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Consoling Myself


What do you say when someone dies? I have read the comments of many grieving people who have been hurt by tactless remarks from their “miserable comforters.” Fear of offending someone who is already hurting has often made me feel awkward and self-conscious. Sometimes it has stopped me from saying anything, perhaps making me look uncaring when, in fact, I feel deep concern for the other person. Other times, I wonder if perhaps my self-consciousness has caused me to say something unintentionally offensive.

For the past nine months I have been on the receiving end of condolences, and either I have remarkably unself-conscious, thoughtful, socially adept, and caring friends (a very likely possibility), or I have chosen to appreciate the fact that they care enough to express their concern and would never knowingly offend me. I cannot remember receiving a single hurtful comment.

I have been impressed that even strangers are quick to say the right thing when they learn of my loss. I have had to make many phone calls changing accounts to my name or taking care of my husband’s business affairs. Without exception, before conducting the business at hand, the person will say, “First of all, let me offer my condolences,” or “I’m so sorry to hear of your loss,” or some other expression of concern.

Frequently I receive phone calls for Ted from telemarketers—usually stereotyped as rude people, right? They, too, are so taken aback when I tell them Ted has died that they quickly offer their condolences and tell me they will update their records. They don’t even think to ask me if I would like to contribute to their worthy cause!

Today was an exception. I received a phone call from a cheery woman asking for Ted. Since she didn’t say “Theodore,” I thought she might be a personal acquaintance who was unaware he had passed away. I braced myself to tell her the news. “May I ask who is calling?” I said. She gave the name of her charity. I told her Ted had died last September. “Will you repeat that?” she asked. I repeated it. “Oh, no problem,” she replied. “I’ll update our records.”

No problem? I think not. But I console myself that one fewer telemarketer will be dialing my number.

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Good Grief


                Over the past months, as I have been dealing with Ted’s battle with pancreatic cancer and with his death in September, my reading choices have naturally gravitated toward books, articles, and devotions dealing with grief.  Devotions are best, because they are short enough for me to absorb and have an inspiring message.  However, I did tackle Philip Yancey’s new book, The Question That Never Goes Away, which deals with one aspect of grief:  asking Why?   As you might guess from the title, this is a question that will not be answered with certainty this side of heaven.  But often we do ask it.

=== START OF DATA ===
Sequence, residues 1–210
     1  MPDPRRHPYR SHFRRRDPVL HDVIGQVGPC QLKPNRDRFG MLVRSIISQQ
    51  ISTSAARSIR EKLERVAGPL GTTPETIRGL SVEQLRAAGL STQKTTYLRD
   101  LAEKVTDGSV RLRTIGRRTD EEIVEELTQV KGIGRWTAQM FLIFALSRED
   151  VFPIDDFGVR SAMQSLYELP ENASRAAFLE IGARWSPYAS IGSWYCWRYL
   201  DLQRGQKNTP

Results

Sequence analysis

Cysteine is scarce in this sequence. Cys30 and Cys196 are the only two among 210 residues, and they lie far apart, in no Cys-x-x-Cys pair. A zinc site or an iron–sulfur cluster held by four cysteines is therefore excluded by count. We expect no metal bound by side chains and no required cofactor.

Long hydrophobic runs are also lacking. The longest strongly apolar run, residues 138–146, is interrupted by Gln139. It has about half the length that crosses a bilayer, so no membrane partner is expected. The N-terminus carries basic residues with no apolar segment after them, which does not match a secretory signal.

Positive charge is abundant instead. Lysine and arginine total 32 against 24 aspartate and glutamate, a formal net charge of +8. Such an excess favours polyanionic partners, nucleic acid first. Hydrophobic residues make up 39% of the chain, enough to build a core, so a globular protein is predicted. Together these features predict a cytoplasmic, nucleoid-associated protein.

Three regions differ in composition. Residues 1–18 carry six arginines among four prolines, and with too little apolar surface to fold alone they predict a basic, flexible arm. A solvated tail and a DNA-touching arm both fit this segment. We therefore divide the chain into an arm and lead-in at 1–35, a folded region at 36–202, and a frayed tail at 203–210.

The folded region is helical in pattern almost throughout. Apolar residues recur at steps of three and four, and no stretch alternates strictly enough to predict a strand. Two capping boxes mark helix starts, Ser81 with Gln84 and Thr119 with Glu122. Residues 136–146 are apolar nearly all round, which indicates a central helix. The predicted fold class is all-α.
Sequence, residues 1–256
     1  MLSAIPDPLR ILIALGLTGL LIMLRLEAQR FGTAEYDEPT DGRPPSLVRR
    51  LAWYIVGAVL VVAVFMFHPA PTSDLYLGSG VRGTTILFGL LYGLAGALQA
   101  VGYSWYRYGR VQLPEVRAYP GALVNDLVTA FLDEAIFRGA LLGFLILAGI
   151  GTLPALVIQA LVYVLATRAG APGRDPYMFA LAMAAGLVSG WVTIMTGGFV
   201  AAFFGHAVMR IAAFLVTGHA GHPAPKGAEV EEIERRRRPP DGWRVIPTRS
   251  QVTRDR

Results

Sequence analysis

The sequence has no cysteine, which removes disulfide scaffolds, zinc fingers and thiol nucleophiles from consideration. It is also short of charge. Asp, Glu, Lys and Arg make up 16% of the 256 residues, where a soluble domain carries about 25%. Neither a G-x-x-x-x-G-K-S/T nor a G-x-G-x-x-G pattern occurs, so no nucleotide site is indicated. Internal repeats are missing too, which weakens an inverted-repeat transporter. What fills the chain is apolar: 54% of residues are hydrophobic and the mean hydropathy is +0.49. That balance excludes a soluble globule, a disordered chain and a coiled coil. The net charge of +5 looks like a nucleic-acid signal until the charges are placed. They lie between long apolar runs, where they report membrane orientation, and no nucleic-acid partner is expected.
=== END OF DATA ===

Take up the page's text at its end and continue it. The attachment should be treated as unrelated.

Yancey wonders whether it would really relieve our heartache to know why a loved one was taken now, in this particular way.  He suggests that since we cannot know why, we should concentrate on our response:  “Find meaning in the midst of suffering and offer real and practical help to those in need.”  What meaning might be found in the death of someone we love?  One possible answer is that my grief and the caring responses of others to the death of one man confirm the value of each of us in God’s sight.  The universe is not a cosmic accident without good or evil, without purpose, as some scientists would have us believe.  We matter.  By responding to death with personal grief and caring support to those who are suffering, we acknowledge the existence of God, the reality of a moral universe.

                It is important to have your theology sorted out before you face a crisis.  All Christians are theologians, whether they realize it or not.  Our lives display our beliefs.  Back in June when Ted learned that the chemo was no longer working, and that a more potent medicine with intolerable side effects would add only  a few months to his life, he chose to accept his imminent death as God’s will.  I don’t think he ever asked Why?   Yes, he wanted to live; he enjoyed life, and he loved me, his children, his grandchildren, and his friends.  He wanted to stay.  Yet more than that, he loved and trusted God and desired His will.  His peaceful acceptance has made his passing to eternal life less difficult for me, but certainly it has not been easy!

                We know death is the enemy.  And we know that Jesus struggled with God’s will when He faced His own suffering and death.  We also know that at the death of His friend Lazarus, “Jesus wept.”  These thoughts give me comfort, and keep me from vainly asking “Why?”

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I am a Christian, a mother and grandmother, a sister, a daughter, a teacher, a widow, a friend. . .  My life is first of all defined by relationships–to God, to my family, to my students, to my friends. Of course, I am many other things: a reader, an e-mail writer, a piano player, and a somewhat reluctant traveler, for example.  And now I am a blogger.  I’m not sure why, except it seems to be a logical next step for someone addicted to e-mail.